Teresa T. Basler is an independent researcher in Springfield, Virginia, and a former manuscripts cataloger of the Department of Special Collections, Princeton University Library. She holds an M.S. in information sciences from the University of Tennessee in Knoxville. Her interests are in manuscript studies and library history, with a particular interest in manuscript collectors and collecting.
Bernadette A. Lear holds a master’s degree in library science from Rutgers, the State University of New Jersey, and is a behavioral sciences and education librarian at the Penn State Harrisburg Library in Middletown, Pennsylvania. She is interested in the history of print ephemera as well as the development of public libraries in Pennsylvania. She has published articles on the history of college yearbooks and library annual reports and is currently researching the life and work of Hannah Packard James, one of Pennsylvania’s first professional librarians.
Faye Phillips is associate dean of libraries at Louisiana State University in Baton Rouge and a member of the faculty of the Women’s and Gender Studies Program. She holds a master’s degree in library science from University of North Carolina at Chapel Hill and an M.A. degree in history from Georgia State University. She is the author of Congressional Papers: Collecting, Appraising, Arranging and Describing (McFarland and Company, 1996) and Local History Collections in Libraries (Libraries Unlimited, 1995). Her research interests include special collections library services and functions, developing digital libraries, women and family history, local history, political collections, and academic library administration. She is currently writing a book on the growth of Louisiana’s cultural institutions from 1836 to 1911.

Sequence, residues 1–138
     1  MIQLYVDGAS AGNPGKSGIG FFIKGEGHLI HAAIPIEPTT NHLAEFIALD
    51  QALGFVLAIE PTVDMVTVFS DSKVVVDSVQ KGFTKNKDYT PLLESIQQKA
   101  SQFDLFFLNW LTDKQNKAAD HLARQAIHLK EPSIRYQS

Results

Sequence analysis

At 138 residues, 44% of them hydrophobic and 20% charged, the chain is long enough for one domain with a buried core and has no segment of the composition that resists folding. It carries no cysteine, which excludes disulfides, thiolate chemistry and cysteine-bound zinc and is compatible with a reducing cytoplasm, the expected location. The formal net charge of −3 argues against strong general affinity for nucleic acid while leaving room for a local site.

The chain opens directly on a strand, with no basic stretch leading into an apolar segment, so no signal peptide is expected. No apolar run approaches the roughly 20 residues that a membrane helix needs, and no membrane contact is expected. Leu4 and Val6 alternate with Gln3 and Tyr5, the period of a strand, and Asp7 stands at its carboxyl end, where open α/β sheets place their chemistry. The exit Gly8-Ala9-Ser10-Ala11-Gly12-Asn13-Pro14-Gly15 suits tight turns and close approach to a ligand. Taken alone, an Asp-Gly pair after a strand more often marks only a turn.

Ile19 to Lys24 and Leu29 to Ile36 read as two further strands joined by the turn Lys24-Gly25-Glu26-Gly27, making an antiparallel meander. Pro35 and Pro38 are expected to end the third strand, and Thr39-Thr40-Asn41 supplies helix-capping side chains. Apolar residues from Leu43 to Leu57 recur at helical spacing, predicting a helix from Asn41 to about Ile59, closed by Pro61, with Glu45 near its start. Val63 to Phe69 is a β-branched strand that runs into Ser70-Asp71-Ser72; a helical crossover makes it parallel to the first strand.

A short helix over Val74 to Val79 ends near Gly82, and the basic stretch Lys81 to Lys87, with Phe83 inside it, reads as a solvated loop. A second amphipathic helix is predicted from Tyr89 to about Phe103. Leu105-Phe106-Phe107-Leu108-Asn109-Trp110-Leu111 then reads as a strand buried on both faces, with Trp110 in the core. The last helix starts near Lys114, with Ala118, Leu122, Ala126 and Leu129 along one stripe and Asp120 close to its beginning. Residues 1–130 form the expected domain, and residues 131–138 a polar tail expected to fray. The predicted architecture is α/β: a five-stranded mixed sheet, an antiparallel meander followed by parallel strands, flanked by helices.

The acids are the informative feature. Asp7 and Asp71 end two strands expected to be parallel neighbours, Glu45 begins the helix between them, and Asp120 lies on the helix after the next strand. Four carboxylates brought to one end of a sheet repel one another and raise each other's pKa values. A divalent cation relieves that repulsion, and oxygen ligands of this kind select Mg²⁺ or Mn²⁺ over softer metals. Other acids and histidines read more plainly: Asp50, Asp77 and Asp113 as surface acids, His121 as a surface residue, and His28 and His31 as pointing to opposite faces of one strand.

Jean Preer is professor at Indiana University School of Library and Information Science–Indianapolis. She holds a doctorate in American civilization and a law degree from George Washington University and a master’s degree in library science from the University of California at Berkeley. She was the recipient of the 2006 Association for Library and Information Science Education (ALISE) Award for Excellence in Teaching. Her research interests include American library history, intellectual freedom, and professional ethics.
David C. Wright is a professor of history in the Department of Philosophy and Literature, University of Guanajuato, Mexico. He holds a master of fine arts degree from Instituto Allende and a doctorate in social sciences from El Colegio de Michoacán in central Mexico. He has taught history, art history, and the Nahuatl language at several colleges and universities in central Mexico. His research focuses on pre-Hispanic and early colonial pictorial manuscripts from central Mexico and on early colonial manuscripts written alphabetically in the Otomí and Nahuatl languages.